but wouldn't trust my (valuable) personal data to it (yet), there are simply too many issues unresolved

bugs and problems are fixed on a constant and quick basis but it's not really that stable yet ...



edit:

for a set of modifiable options take a look at:

Code:
for i in /sys/module/zfs/parameters/*; do echo "${i}: $(cat "${i}")"; done


thank you. txg_sync now scratches only each 15 seconds. but that budget fair budget fair queueing seems to be a better option than noop (fifo).
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Pearlseattle
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Joined: 04 Oct 2007
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PostPosted: Fri Sep 05, 2014 11:12 pm    Post subject: Reply with quote

Quote:
I think that btrfs is stable, with the exception of new features that have been added lately.


Yeah, it might be extremely dependant on the "features" that are being used - e.g. the base fs might now have achieved high quality but the advanced options like raid5 are most probably still a black hole (no clue about the snapshots).
Snapshotting, the auto-re-balancing raid5(/6) and the balanced performance for small and big files are in my case the most attractive features of btrfs.

On my side I'm using since a long time:
1)
nilfs2 on SSDs...
...and I still love it.
Those continuous kind-of-time-based-interval-snapshots are just mind-blowing: apart from the fact that nothing ever got corrupted when my notebooks suddenly shut down (a complicated psychlogical constellation of I-am-too-stupid-to-remember-to-plug-in-the-power-cord + I-dont-want-to-ever-see-any-pop-up-message-nor-have-any-automatic-shutdown-procedure), being able to go back in time for any file on the fs is just plain fantastic.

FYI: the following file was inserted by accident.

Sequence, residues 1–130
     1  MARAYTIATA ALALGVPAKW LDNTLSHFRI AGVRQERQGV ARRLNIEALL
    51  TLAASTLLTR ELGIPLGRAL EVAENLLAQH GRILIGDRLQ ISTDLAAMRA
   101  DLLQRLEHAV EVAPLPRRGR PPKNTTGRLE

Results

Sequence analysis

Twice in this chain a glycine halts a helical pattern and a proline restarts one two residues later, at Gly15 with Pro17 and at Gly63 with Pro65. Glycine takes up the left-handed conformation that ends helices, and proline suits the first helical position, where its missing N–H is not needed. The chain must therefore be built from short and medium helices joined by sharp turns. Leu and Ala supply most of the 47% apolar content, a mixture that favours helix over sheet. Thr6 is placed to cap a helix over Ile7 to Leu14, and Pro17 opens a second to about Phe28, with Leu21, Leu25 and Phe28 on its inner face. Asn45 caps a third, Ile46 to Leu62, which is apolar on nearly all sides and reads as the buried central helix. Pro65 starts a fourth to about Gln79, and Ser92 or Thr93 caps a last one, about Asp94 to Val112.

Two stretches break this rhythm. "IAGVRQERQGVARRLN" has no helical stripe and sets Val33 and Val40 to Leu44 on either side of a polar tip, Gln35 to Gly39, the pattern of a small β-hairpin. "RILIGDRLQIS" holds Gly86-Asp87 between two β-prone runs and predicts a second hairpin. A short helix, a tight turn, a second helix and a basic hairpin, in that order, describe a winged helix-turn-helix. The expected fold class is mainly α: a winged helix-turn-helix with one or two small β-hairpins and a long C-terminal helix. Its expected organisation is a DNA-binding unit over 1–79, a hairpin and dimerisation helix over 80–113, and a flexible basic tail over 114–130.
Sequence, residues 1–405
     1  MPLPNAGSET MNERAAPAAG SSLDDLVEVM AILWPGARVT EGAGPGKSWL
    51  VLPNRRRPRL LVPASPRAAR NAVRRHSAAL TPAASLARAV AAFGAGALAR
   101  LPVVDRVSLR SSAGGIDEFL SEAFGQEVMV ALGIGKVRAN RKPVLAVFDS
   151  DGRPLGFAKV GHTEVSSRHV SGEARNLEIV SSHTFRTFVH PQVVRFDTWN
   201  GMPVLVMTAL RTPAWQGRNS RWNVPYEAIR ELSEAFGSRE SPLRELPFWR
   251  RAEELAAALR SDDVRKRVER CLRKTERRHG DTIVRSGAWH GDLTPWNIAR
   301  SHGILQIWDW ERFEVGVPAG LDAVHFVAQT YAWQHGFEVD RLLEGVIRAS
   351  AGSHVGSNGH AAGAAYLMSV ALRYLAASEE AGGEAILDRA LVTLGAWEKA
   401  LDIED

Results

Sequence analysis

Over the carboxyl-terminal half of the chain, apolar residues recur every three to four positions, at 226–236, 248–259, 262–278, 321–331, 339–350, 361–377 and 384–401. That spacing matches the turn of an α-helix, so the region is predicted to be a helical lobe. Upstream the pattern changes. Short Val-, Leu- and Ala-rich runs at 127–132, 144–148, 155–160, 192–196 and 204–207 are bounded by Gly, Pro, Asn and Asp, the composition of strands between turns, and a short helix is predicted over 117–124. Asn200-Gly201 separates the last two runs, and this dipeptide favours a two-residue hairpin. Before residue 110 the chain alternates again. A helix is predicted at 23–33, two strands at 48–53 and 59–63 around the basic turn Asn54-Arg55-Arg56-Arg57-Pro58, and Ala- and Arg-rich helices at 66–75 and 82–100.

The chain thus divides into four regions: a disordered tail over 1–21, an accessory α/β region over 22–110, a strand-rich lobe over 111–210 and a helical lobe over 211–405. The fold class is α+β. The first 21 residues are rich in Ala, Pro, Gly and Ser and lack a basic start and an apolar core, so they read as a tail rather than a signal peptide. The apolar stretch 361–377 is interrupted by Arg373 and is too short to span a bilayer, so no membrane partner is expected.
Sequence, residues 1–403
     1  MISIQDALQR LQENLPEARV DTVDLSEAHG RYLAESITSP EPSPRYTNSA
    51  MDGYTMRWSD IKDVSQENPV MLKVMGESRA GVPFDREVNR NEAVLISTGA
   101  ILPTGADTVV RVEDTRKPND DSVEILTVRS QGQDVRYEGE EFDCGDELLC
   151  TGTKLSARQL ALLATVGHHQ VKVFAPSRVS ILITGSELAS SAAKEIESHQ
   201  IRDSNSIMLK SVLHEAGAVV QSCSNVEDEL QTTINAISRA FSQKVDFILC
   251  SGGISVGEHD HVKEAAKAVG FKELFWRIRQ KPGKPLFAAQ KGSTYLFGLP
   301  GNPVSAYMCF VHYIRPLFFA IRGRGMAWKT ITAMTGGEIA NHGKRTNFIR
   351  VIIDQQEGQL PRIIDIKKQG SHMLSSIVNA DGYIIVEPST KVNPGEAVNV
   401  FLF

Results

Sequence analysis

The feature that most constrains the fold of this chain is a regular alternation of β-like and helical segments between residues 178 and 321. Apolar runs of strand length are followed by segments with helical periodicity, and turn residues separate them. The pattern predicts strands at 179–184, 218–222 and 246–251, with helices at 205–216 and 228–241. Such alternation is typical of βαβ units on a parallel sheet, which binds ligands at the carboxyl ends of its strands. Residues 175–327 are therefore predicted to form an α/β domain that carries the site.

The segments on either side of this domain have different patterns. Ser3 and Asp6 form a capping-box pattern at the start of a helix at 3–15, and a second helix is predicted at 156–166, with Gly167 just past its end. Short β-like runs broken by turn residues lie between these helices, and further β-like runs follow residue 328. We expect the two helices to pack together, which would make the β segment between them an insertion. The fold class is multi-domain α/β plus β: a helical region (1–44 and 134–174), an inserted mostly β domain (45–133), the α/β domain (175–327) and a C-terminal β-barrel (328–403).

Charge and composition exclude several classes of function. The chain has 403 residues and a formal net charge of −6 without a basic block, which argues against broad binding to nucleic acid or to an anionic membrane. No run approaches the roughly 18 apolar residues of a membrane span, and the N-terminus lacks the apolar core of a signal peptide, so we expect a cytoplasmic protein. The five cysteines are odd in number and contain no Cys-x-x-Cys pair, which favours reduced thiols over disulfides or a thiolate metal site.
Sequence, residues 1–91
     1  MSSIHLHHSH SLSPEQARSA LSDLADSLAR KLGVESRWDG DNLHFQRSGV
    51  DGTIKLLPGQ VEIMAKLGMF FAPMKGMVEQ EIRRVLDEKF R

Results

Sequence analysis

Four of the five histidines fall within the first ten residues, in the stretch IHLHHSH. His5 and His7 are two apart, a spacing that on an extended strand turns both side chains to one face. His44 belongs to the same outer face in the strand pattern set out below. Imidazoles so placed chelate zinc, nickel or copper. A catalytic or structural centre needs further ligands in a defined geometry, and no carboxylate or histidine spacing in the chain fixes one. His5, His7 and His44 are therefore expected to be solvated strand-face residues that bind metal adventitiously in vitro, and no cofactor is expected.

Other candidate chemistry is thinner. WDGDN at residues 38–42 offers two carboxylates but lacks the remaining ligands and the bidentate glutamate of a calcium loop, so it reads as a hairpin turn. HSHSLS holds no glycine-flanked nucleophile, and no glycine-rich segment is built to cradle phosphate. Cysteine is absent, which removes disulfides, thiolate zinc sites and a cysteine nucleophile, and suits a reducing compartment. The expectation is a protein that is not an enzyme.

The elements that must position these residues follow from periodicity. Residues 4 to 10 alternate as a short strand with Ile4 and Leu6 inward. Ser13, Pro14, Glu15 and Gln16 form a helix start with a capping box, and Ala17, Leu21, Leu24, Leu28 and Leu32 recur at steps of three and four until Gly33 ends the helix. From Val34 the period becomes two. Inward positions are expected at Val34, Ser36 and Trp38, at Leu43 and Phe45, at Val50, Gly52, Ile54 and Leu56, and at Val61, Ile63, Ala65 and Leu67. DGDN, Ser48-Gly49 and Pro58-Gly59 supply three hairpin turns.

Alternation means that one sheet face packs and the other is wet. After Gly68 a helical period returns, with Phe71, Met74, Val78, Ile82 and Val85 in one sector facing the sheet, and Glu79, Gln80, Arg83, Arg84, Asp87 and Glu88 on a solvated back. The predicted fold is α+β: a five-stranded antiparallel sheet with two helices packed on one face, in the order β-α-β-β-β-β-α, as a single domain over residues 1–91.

2)
ext4 on HDDs...
...and it's not exciting at all but after following the path ext3->jfs->xfs->btrfs->xfs->ext4->xfs->ext4 I am now definitely back and stable on ext4 for my RAID5s (mdadm) and normal partitions. Nothing was faster than ext4 with small files (xfs was initially always good but deteriorated extremely with rewrites/deletions/additions - maybe now it's better) and with big files the ~450MB/s I get from the RAID5 is more than enough.

If btrfs would be working 100% I would definitely use it for #2 (therefore getting rid of the mdadm-layer + getting in the package a kind-of-lvm resizing functionality), but for #1 I wouldn't see any reason to turn away from nilfs2.

Btw., does btrfs now have a fsck that works for real?
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vaxbrat
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PostPosted: Sat Sep 06, 2014 2:16 am    Post subject: btrfs has been fine for me Reply with quote

I've been using it now for 2-3 years and had even been playing a bit with raid 5 arrays. However I've since broken them up when setting up my ceph cluster. All of my btrfs arrays are now individual drives running ceph OSD stores on top of btrfs. As for snapshots.... well let me tell you about how hard ceph uses snapshots 8)